dr wooo on Fri, 7 Apr 2000 21:33:40 +0200 (CEST)

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<nettime> media action

Camcorder Kamikazes 

 Utilising Technology As Mobile Media Units To Ensure Public
 Right To Democratic And Ethical Television 

 Video activism is born from frustration with the limited interests of the
 established corporate media. Mainstream media dis-empowers the
 individual by dictating what issues make or donít make the news and
 reports are biased towards the large corporations who offer
 advertising and economic cooperation with the stations owners. Hand
 held video recorders or camcorders have revolutionised accessibility to
 the structures of media production and as such has allowed for
 grassroots issues to be supported through the ready accessibility of
 visual documentation. 

 The media is modern manís most effective tool of persuasion, now
 dominating the role of storyteller and teacher. The current monopoly
 of media ownership and information distribution is in the interests of
 the power and wealth of the few controlling elite. Effectively
 dissenting voices are squashed and instead we must watch what we
 are told to watch. The failure of mainstream media to adequately
 cover social and environmental issues leads to massive ignorance by
 the public about issues not deemed worthy of coverage. 

 The de-centralisation of the media would allow for more widespread
 coverage and increased awareness. Recent improvements in
 equipment allow a single person to provide broadcastable footage with
 less technical baggage between themselves and their subject, allowing
 them to uncover stories larger organisations can or will not. Television
 stations rarely attend blockades in remote areas and often only provide
 one camera crews for relatively short periods of time at events such
 as Reclaim the Street because of the large costs involved. Video
 activists working for free and able to sustain longer coverage of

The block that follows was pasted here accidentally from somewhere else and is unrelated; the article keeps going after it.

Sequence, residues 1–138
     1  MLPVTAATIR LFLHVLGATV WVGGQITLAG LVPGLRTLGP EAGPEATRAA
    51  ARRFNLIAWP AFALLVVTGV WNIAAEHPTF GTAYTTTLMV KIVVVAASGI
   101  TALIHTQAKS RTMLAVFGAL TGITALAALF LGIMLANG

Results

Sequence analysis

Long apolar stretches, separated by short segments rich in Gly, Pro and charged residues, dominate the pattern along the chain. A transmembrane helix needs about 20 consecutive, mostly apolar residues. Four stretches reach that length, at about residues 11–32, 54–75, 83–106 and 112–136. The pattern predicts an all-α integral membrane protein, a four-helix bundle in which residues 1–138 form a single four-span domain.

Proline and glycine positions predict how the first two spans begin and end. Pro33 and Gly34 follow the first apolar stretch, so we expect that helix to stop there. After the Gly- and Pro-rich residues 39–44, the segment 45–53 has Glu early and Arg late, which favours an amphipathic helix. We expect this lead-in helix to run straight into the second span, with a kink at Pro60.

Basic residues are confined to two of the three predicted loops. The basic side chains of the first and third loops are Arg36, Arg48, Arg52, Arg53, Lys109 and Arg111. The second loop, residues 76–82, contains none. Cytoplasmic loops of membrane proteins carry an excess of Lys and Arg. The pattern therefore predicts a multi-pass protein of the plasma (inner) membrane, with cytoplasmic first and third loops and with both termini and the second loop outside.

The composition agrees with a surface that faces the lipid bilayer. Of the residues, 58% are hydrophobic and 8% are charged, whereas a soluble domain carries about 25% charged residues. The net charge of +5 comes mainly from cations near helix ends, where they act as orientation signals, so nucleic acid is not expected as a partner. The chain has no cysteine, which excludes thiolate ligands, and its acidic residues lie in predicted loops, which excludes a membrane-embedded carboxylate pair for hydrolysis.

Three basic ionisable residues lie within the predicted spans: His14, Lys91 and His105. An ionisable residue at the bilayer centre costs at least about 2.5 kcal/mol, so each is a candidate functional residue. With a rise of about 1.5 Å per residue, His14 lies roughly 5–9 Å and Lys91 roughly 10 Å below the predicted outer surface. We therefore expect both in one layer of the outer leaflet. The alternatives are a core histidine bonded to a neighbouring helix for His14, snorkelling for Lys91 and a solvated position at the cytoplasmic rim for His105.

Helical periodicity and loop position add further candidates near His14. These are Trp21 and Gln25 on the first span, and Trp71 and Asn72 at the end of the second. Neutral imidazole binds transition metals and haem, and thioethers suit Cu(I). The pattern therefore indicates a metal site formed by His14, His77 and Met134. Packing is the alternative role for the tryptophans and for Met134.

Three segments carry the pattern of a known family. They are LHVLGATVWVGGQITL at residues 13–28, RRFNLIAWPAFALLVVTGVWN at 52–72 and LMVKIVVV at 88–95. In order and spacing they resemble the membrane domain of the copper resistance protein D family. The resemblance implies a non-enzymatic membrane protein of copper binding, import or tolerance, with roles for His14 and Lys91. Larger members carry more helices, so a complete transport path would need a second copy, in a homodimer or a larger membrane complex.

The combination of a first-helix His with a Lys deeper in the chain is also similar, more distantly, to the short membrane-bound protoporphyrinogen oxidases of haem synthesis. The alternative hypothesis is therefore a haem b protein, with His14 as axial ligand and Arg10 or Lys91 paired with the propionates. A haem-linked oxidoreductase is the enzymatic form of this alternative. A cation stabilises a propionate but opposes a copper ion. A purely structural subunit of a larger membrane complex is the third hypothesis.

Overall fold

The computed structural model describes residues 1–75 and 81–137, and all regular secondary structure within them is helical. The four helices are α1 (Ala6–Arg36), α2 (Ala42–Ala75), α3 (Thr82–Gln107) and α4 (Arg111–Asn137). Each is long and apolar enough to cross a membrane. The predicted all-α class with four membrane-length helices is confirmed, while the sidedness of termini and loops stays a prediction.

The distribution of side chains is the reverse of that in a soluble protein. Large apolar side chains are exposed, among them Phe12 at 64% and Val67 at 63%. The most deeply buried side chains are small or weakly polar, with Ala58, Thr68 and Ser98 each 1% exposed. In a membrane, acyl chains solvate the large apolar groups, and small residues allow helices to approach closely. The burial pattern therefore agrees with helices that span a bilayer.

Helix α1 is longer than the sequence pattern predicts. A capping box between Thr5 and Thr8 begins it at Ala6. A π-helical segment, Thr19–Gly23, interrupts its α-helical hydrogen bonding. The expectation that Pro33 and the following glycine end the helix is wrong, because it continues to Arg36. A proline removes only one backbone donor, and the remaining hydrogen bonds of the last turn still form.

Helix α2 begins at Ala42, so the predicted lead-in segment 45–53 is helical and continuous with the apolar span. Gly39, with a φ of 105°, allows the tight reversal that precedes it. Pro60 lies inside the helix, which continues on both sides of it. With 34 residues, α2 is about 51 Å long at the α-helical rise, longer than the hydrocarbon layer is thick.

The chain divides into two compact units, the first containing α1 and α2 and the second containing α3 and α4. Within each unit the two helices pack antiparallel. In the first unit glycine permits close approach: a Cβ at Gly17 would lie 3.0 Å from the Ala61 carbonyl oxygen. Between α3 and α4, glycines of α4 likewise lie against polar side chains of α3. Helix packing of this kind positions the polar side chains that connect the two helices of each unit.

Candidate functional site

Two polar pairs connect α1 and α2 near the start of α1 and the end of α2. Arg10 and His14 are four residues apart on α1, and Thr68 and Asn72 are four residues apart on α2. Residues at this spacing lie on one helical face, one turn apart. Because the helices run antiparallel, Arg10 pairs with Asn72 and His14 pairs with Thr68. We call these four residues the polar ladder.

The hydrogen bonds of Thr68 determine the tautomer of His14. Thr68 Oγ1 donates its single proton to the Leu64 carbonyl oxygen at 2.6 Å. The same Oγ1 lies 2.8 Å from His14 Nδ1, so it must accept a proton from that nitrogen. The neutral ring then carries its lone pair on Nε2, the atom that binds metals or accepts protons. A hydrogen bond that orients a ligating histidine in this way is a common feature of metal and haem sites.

events, are often the only camera present when conflict arises. 

 With or without a camera present activists risk violence from
 retaliation from right-wing groups such as loggers and police.
 Cameraís discourage violence or may be essential to proving liability
 later, thus offering security for all involved. For this reason though the
 video activist can become the targets of angry people and should not
 arouse conflict but take an observational role. 

 Video activists bridge the gaps in corporate media by utilising new
 technology to convey what would otherwise be unseen and thus can
 be integral to redefining political agendas. Their are multiple other
 avenues available to video activists to get the more complete picture
 shown. Contributing footage to mainstream media by supplying
 television stations with footage is a great way to get publicity for your
 campaign. They are usually only interested in high action footage, and
 will pay between $50 - 100 per station or larger amounts for exclusive
 footage. Pre-negotiate pricers before handing over tapes and never
 give them your originals! Video activists can also get involved with
 community television stations by either submitting footage or editing
 and broadcasting their work. Compilations of stories in the form of
 video zines such as News Unlimited or Undercurrents, or projecting
 footage at dance parties are other effective non-corporate avenues to
 reach audiences. Community groups are also often pleased to have
 screenings at fundraisers. The internet is beginning to accommodate
 video footage although at present a series of stills or slides taken from
 the footage is much faster and more accessible. 

 Video activists can also provide media training for others. Practicing
 interviews and training others to use equipment greatly empowers the
 group and shares responsibilites. Two cameras is always better than
 one to cover an action. It is important to involve other members of the
 group in decisions about the intended purpose of all footage and to find
 out what the real needs of the campaign are. Involvement will ensure
 more effective use of time and tape stock when gathering evidence
 and testimonies and finding the right people to articulate about the
 campaign. Many activists are hesitant to be filmed but I think it is
 important that people get comfortable with cameras and utilise their
 presence by informing them about what is actually happening. Often it
 is very hard for a viewer that was not involved to understand the
 situation unfolding before their eyes without some narration from those
 involved. With this intimacy however video footage is often more
 compelling than that a corporate television crew could provide. 

 It is important not to forget that the most persuasive pieces are still
 objective. Try interviewing a miner, logger or locals about how they
 feel. Experts on the local regions biodiversity also provide much